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Title: Keeping condensers clean

Abstract

The humble condenser is among the biggest contributors to a steam power plant's efficiency. But although a clean condenser can provide great economic benefit, a dirty one can raise plant heat rate, resulting in large losses of generation revenue and/or unnecessarily high fuel bills. Conventional methods for cleaning fouled tubes range form chemicals to scrapers to brushes and hydro-blasters. This article compares the available options and describes how one power station, Omaha Public Power District's 600 MW North Omaha coal-fired power station, cleaned up its act. The makeup and cooling water of all its five units comes from the Missouri River. 6 figs.

Authors:
Publication Date:
OSTI Identifier:
20752247
Resource Type:
Journal Article
Resource Relation:
Journal Name: Power (New York); Journal Volume: 150; Journal Issue: 3
Country of Publication:
United States
Language:
English
Subject:
20 FOSSIL-FUELED POWER PLANTS; FOSSIL-FUEL POWER PLANTS; DEPOSITION; CORROSION; FOULING; COAL; BACTERIA; CONDENSER; TUBES; HEAT TRANSFER; CLEANING; CALCIUM CARBONATES; REMOVAL; COOLING SYSTEMS; CALCITE; USA; NEVADA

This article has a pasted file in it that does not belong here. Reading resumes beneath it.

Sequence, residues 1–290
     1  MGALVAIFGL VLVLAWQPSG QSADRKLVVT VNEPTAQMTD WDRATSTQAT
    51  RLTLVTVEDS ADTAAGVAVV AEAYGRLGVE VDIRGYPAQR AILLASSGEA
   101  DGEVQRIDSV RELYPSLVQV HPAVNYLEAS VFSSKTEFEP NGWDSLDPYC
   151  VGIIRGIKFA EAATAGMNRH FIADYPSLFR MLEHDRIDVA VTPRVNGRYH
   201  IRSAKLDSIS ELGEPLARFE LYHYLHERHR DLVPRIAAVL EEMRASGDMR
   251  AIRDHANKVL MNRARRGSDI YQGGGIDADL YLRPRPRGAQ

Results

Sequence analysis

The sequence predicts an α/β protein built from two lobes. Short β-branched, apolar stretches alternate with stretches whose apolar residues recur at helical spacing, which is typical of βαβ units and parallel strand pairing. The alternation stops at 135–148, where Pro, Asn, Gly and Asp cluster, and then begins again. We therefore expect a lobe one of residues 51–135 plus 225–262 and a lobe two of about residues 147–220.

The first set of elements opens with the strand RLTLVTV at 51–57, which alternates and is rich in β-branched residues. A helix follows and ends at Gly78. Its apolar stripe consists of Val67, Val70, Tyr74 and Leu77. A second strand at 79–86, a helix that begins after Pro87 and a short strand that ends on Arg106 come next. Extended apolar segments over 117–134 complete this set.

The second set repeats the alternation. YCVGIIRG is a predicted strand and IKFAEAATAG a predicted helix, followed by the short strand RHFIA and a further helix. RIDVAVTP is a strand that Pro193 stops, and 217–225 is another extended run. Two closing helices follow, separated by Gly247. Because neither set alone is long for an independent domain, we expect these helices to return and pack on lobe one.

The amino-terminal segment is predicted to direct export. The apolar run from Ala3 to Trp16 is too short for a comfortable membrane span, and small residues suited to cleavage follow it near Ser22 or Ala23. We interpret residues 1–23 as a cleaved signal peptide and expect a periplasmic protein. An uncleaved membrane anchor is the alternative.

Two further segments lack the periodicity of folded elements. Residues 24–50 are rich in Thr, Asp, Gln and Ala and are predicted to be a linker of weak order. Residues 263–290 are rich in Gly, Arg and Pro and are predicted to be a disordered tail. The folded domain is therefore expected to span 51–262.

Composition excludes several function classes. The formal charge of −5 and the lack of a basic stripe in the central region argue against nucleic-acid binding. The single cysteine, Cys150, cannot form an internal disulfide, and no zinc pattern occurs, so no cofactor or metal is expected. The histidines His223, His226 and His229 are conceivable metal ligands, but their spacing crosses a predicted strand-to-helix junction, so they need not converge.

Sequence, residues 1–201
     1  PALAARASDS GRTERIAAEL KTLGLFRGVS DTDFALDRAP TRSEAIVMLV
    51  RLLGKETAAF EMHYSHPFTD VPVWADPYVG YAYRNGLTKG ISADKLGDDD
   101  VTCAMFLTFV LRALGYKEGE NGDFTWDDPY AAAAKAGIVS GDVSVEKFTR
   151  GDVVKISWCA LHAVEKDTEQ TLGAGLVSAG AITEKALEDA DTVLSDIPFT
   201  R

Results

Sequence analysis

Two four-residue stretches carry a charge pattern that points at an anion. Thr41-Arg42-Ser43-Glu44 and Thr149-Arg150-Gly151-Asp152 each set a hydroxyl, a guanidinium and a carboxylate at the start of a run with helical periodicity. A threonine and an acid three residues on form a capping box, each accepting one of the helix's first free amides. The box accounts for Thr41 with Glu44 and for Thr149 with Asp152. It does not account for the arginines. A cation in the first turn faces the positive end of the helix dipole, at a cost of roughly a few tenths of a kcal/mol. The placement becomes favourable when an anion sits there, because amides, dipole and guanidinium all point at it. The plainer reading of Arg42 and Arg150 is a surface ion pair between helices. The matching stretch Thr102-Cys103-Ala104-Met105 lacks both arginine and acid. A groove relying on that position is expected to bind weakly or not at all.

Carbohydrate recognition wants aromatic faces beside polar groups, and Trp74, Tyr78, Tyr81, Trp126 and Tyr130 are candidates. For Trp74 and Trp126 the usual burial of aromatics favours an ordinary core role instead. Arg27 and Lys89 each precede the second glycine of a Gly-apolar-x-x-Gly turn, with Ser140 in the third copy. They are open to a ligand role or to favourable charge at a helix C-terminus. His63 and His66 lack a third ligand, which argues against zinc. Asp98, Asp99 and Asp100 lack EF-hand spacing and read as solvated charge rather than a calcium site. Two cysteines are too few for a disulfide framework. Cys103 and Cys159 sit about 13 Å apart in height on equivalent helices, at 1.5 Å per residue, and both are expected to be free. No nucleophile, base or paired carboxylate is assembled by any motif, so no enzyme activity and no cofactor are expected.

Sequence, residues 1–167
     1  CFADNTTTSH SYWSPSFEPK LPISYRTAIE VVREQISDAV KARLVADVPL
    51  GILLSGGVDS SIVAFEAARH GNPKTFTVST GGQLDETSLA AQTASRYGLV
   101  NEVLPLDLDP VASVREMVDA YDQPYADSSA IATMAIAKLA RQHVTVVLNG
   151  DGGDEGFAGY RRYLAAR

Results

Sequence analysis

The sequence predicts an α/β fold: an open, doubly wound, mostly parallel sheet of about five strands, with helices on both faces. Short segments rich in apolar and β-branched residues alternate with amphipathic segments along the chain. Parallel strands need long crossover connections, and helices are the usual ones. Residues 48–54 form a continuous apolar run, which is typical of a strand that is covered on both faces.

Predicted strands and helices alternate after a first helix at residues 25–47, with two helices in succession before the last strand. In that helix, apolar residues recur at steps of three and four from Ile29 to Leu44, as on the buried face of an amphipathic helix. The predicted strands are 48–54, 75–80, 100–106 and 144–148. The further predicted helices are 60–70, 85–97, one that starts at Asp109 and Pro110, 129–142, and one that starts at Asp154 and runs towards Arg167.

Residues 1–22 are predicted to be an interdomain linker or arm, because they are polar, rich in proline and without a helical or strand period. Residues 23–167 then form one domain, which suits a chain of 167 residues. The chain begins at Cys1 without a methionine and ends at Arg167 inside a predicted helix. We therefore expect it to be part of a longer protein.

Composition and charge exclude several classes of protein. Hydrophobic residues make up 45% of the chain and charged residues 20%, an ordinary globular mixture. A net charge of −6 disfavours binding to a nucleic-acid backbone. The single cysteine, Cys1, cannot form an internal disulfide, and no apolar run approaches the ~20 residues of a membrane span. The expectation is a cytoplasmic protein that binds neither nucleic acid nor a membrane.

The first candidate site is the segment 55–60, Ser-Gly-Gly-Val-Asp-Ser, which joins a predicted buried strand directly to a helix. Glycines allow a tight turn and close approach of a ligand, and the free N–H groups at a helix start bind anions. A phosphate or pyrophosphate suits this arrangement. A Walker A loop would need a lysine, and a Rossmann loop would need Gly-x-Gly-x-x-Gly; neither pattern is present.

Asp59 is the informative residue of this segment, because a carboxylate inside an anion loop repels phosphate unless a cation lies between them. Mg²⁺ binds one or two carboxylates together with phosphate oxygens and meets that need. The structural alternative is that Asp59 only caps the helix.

Citation Formats

Wicker, K. Keeping condensers clean. United States: N. p., 2006. Web.
Wicker, K. Keeping condensers clean. United States.
Wicker, K. Sat . "Keeping condensers clean". United States. doi:.
@article{osti_20752247,
title = {Keeping condensers clean},
author = {Wicker, K.},
abstractNote = {The humble condenser is among the biggest contributors to a steam power plant's efficiency. But although a clean condenser can provide great economic benefit, a dirty one can raise plant heat rate, resulting in large losses of generation revenue and/or unnecessarily high fuel bills. Conventional methods for cleaning fouled tubes range form chemicals to scrapers to brushes and hydro-blasters. This article compares the available options and describes how one power station, Omaha Public Power District's 600 MW North Omaha coal-fired power station, cleaned up its act. The makeup and cooling water of all its five units comes from the Missouri River. 6 figs.},
doi = {},
journal = {Power (New York)},
number = 3,
volume = 150,
place = {United States},
year = {Sat Apr 15 00:00:00 EDT 2006},
month = {Sat Apr 15 00:00:00 EDT 2006}
}
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